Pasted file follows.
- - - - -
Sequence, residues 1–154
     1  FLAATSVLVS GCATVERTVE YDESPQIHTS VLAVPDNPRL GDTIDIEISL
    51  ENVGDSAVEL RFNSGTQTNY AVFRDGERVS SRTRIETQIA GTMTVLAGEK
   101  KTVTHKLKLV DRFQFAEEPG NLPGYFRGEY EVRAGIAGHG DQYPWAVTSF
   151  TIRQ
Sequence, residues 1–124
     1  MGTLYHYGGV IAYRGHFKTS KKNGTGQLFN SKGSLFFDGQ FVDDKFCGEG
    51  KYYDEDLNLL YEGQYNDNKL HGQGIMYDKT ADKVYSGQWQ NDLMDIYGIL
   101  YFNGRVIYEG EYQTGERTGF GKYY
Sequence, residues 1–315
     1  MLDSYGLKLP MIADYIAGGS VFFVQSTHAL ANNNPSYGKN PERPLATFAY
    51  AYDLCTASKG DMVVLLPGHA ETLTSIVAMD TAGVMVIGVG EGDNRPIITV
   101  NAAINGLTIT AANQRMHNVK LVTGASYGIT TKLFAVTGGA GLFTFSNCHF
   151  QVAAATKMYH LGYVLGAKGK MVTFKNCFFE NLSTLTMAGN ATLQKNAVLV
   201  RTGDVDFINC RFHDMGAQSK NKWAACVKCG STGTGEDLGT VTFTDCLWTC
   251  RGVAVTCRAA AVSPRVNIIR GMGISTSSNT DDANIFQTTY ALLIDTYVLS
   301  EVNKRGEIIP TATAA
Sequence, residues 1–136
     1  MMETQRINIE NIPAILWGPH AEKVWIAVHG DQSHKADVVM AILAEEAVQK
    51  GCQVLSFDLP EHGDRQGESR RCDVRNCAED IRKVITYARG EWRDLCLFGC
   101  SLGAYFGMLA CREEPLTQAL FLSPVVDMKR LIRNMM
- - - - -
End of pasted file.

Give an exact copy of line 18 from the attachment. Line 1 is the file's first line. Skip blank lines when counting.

Sequence, residues 1–136